Wedding Photography: How to Capture the Couple's Big Day

Monday, 6 August 2012

Wedding Photography is a very specialized field, as capturing all aspects of a couple's big day can be a demanding task. Photographers who are up to the challenge, however, will be amply rewarded by the looks of joy on the couple's faces when they see the results. For those with an interest in professional photography, becoming a skilled wedding photography can also become quite the lucrative business.

If you're working with a couple that observes all of the traditions of the standard wedding ceremony then you'll have to wait until the service ends to set up photos with all of the members of the wedding party. Many of today's couples, however, do not believe in waiting until the ceremony begins to see each other, and if you're working with one of those couples then it's best to do all of the group photographs before the wedding. Lighting is crucial, and if you're working indoors you'll definitely need to provide additional light sources. Due to the quick nature of wedding photography, however, you need to have a lightweight light kit that is easy to move and runs off of batteries. This type of kit can be easy to find if you keep an eye out for local Camera Deals.

Once you've taken all of the necessary traditional group photos, which are often more about pleasing the couple's parents than the couple themselves, it's time to let your artistic side out. There's a big push in the wedding photography industry towards shooting weddings with a documentary feel, and most clients prefer this approach, even if they don't initially understand what it means. In order to provide the best mixture of wedding photographs, however, you should utilize a mixture of traditional, documentary and artistic approaches.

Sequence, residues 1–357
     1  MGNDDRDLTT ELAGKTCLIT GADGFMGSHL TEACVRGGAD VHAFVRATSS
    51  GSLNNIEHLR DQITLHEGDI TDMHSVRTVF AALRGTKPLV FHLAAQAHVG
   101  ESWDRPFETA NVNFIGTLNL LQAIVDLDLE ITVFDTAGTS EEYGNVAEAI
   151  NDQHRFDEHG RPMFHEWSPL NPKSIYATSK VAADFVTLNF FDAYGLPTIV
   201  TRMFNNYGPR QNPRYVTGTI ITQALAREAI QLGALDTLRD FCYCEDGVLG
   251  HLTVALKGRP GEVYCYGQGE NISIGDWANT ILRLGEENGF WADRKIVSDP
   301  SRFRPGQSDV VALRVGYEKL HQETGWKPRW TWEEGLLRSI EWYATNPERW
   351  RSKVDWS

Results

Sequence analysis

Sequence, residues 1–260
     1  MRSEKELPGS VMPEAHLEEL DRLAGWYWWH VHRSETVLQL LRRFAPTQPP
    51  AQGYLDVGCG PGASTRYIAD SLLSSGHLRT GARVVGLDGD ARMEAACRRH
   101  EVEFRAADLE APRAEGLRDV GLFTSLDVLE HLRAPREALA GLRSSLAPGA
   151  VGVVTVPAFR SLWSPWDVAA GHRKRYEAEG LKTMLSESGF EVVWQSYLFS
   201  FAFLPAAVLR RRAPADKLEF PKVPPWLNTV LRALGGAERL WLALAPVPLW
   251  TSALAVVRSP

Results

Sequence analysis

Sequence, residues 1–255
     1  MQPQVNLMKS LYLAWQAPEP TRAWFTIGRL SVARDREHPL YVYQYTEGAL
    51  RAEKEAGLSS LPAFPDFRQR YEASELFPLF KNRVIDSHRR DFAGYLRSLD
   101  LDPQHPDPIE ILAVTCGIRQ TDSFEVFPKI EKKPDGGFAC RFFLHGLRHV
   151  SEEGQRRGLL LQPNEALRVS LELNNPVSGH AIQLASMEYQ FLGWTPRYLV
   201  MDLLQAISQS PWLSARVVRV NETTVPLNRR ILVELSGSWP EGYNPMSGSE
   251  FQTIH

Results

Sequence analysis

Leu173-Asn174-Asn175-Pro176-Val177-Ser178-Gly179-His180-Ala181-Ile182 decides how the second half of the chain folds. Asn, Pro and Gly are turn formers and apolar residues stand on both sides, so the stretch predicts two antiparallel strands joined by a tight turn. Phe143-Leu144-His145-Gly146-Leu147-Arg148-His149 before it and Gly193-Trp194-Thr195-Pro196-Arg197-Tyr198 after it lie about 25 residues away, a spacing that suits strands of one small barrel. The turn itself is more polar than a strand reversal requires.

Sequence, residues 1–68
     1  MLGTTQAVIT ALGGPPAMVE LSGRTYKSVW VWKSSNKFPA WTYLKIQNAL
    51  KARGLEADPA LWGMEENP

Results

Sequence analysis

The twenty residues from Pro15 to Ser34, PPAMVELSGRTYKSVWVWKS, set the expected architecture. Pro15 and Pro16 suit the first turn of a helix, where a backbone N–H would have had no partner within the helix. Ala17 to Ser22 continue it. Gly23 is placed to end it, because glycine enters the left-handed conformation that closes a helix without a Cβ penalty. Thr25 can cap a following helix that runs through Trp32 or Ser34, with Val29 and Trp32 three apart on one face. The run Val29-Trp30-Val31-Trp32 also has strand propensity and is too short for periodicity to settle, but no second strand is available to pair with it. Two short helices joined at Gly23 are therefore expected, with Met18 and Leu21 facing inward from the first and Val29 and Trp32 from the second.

Don't be afraid to capture the fun side of your clients; some of the most memorable wedding photographs are of those that allowed the couple to truly express their joy at becoming married. A fun example that not many photographers have started to incorporate yet is to have the couple jump in the air while holding hands. This only works, however, if the couple is fun loving enough to really go with it.

For your artistic shots, consider capturing an image that focuses on the couple's shoes as they dance together for the first time, along with images that capture their wedding invitations, rings, the cake and other miscellaneous items from an unusual perspective. Brides will also love receiving a photograph that shows their dress and other wedding day apparel hanging up in a classy way before they put it on. If the groom is wearing non-traditional shoes, such as Converse, make sure that you get a close-up of him tying the laces.

It is important to capture the traditional moments, such as the couple's first dance, but you also want to focus your lens on moments that are unexpected, such as conversations between family members and moments in which people are laughing with great abandon. In order to stay quick on your feet at the reception you may need to leave your lighting kit behind, so make sure that you have a fully charged external flash ready to go. You should also consider working with a second shooter so that none of the big moments slip by.